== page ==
The purpose of this protocol is to allow evaluation, treatment and follow up of patients with cysticercosis. Cysticercosis is defined as an infection with the larvae form of T.solium and includes infection of the brain (neurocysticercosis) that accounts for most of the symptomatic disease and serious complications. Evaluation and treatment follows accepted clinical practice and information learned is observational. Two drugs, praziquantel and albendazole, have been used extensively in the treatment of cysticercosis and are the accepted therapies. Albendazole has recently been approved for the treatment of cysticercosis while praziquantel is not approved by the FDA but has proven efficacy and safety. To decrease the provoked inflammation which can be induced by treatment or to decrease inflammation in active disease, corticosteroids or other immunosuppressive agents may be used. Anti seizure medications are also commonly used.

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*   Includes publications given by the data provider as well as publications identified by Identifier (NCT Number) in Medline.
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Patients aged 1 to 75 years will be considered for therapy. Children under age 18 normally will be eligible for use of immunosuppressives other than corticosteroids. Children who have cysticercosis and are younger than age 18 years are rarely seen at the clinical center; therefore, use of these medications in children will require a special exemption.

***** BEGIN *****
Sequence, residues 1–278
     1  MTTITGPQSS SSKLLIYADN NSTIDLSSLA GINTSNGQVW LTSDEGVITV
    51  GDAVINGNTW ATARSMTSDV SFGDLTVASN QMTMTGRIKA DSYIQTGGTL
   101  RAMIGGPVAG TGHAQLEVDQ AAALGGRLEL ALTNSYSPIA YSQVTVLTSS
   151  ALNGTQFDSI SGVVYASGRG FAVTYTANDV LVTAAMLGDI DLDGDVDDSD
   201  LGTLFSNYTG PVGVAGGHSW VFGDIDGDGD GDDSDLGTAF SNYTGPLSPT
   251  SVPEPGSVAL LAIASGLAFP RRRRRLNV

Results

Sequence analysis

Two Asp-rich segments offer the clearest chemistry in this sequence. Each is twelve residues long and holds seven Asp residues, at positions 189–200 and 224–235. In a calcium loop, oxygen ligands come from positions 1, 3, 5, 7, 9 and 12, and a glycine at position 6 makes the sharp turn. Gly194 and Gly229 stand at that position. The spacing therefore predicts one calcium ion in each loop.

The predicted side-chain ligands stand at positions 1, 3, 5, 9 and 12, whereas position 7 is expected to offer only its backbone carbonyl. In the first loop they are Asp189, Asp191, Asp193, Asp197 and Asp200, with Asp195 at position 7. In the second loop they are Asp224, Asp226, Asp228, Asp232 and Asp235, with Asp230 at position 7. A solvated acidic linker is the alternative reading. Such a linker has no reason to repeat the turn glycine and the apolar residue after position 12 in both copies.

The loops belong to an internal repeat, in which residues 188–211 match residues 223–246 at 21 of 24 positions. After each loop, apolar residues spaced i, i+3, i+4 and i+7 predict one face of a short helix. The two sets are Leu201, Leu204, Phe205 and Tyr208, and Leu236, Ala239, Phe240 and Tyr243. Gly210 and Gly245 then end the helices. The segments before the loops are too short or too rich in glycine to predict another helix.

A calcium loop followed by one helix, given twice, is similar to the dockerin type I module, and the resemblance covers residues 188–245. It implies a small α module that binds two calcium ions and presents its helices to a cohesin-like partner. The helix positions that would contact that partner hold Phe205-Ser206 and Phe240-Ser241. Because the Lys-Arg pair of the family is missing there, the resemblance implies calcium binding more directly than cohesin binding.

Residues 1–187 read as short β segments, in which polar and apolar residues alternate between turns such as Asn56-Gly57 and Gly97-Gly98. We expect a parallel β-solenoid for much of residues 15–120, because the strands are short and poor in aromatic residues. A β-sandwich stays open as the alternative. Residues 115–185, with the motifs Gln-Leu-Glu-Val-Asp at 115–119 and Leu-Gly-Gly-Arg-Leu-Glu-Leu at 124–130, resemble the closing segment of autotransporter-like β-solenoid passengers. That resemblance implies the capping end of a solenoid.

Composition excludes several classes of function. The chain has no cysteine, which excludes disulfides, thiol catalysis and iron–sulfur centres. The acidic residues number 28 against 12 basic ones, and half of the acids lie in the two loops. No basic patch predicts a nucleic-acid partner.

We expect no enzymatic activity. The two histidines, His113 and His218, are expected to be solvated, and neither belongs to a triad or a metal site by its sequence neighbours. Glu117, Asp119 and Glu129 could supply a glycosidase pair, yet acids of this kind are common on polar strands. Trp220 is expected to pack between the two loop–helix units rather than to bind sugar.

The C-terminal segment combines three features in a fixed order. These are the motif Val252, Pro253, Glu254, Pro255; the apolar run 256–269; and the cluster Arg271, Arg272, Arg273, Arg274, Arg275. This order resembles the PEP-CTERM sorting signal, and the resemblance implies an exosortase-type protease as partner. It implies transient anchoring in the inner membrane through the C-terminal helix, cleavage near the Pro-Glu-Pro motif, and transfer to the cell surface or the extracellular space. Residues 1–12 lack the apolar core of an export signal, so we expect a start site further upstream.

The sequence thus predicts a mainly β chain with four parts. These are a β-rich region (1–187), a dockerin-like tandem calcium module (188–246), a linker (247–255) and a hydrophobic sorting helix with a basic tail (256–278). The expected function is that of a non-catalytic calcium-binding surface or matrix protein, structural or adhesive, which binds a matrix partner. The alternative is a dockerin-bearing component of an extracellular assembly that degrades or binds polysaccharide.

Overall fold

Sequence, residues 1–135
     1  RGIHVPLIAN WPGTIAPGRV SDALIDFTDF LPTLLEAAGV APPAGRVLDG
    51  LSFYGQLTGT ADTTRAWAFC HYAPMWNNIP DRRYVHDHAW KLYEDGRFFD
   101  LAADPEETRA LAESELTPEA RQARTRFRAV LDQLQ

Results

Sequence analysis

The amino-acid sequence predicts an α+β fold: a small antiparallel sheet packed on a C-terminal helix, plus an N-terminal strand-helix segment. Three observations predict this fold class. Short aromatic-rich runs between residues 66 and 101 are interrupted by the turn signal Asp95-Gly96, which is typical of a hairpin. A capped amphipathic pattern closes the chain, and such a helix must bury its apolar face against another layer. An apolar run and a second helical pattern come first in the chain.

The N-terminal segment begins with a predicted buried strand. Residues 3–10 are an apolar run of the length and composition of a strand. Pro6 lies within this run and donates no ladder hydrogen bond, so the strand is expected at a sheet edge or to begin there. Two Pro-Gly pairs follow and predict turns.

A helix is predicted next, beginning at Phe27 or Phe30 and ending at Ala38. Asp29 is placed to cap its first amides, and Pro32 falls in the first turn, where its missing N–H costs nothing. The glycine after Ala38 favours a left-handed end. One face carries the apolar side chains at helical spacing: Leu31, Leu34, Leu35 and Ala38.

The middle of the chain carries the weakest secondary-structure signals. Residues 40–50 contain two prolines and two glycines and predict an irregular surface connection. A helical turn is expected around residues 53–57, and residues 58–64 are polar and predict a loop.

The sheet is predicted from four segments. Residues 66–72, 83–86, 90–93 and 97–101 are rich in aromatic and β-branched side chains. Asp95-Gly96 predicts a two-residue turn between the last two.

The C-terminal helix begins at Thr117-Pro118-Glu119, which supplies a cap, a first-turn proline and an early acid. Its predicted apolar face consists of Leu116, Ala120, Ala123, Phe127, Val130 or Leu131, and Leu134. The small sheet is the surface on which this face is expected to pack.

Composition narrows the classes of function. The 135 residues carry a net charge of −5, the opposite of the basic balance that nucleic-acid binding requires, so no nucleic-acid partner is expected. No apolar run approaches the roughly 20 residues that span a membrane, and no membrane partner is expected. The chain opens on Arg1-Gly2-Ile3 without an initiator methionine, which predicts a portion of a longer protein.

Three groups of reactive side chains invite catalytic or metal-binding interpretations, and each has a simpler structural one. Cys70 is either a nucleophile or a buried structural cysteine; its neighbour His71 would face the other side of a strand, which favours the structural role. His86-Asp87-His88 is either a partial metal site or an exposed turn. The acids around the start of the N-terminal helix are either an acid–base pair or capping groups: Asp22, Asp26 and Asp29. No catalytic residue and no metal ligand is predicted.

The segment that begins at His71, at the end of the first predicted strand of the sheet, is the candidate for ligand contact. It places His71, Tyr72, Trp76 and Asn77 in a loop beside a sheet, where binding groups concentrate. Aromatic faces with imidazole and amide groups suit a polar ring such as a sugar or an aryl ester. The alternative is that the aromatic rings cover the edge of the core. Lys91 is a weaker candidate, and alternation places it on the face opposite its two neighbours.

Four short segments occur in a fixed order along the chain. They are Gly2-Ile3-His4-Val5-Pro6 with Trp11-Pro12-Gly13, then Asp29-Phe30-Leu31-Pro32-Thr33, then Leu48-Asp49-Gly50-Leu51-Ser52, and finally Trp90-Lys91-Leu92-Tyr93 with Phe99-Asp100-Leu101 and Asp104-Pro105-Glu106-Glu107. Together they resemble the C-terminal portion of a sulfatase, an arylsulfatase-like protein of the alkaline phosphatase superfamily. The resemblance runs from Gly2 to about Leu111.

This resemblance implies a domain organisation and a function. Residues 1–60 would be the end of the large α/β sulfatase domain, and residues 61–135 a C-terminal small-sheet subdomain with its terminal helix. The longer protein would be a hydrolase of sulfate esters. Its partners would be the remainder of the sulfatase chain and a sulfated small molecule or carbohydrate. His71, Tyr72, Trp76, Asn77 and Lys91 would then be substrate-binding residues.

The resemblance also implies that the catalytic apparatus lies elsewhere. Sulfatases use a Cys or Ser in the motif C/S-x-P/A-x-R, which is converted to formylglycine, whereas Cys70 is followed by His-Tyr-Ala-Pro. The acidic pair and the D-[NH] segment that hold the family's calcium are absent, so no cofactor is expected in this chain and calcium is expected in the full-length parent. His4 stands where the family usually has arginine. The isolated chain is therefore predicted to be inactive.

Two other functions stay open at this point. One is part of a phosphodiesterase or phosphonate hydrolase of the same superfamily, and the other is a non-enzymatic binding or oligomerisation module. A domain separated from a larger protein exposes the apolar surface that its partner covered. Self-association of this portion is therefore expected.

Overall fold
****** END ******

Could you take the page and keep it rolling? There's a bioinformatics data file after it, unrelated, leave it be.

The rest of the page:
Patients with proven or likely neurocysticercosis. The diagnosis of neurocysticercosis depends on the presence of cysts by MRI or CT scan and/or the presence of typical calcifications by CT. Serology is usually, but not necessarily, positive.

Willing to sign consent and be seen at prescribed intervals.

Patients who are pregnant will be included, however, they will not be offered treatment with albendazole, praziquantel and/or methotrexate during the pregnancy unless the clinical condition is severe, eg. life threatening, in the opinion of the PI. They may receive coritcosteroids.


  1. Less than 1 year of age.
  2. Unwilling to undergo effective birth control measures if use of anthelmintics or immunosuppressives (other than corticosteroids) is required.
  3. Breast-feeding if antihelmintics or immunosuppressive medications are required.
  4. Allergic to albendazole and praziquantel
  5. Active tuberculosis or strongyloides or other infections made worse with immunosuppression or other infections likely to be made worse.
1 Year to 75 Years
Contact: Tamika S Magee, R.N. (301) 443-5458
Contact: Theodore E Nash, M.D. (301) 496-6920
United States
850127, 85-I-0127
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National Institutes of Health Clinical Center (CC) ( National Institute of Allergy and Infectious Diseases (NIAID) )
National Institute of Allergy and Infectious Diseases (NIAID)
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Principal Investigator: Theodore E Nash, M.D. National Institute of Allergy and Infectious Diseases (NIAID)
National Institutes of Health Clinical Center (CC)
January 2014

ICMJE     Data element required by the International Committee of Medical Journal Editors and the World Health Organization ICTRP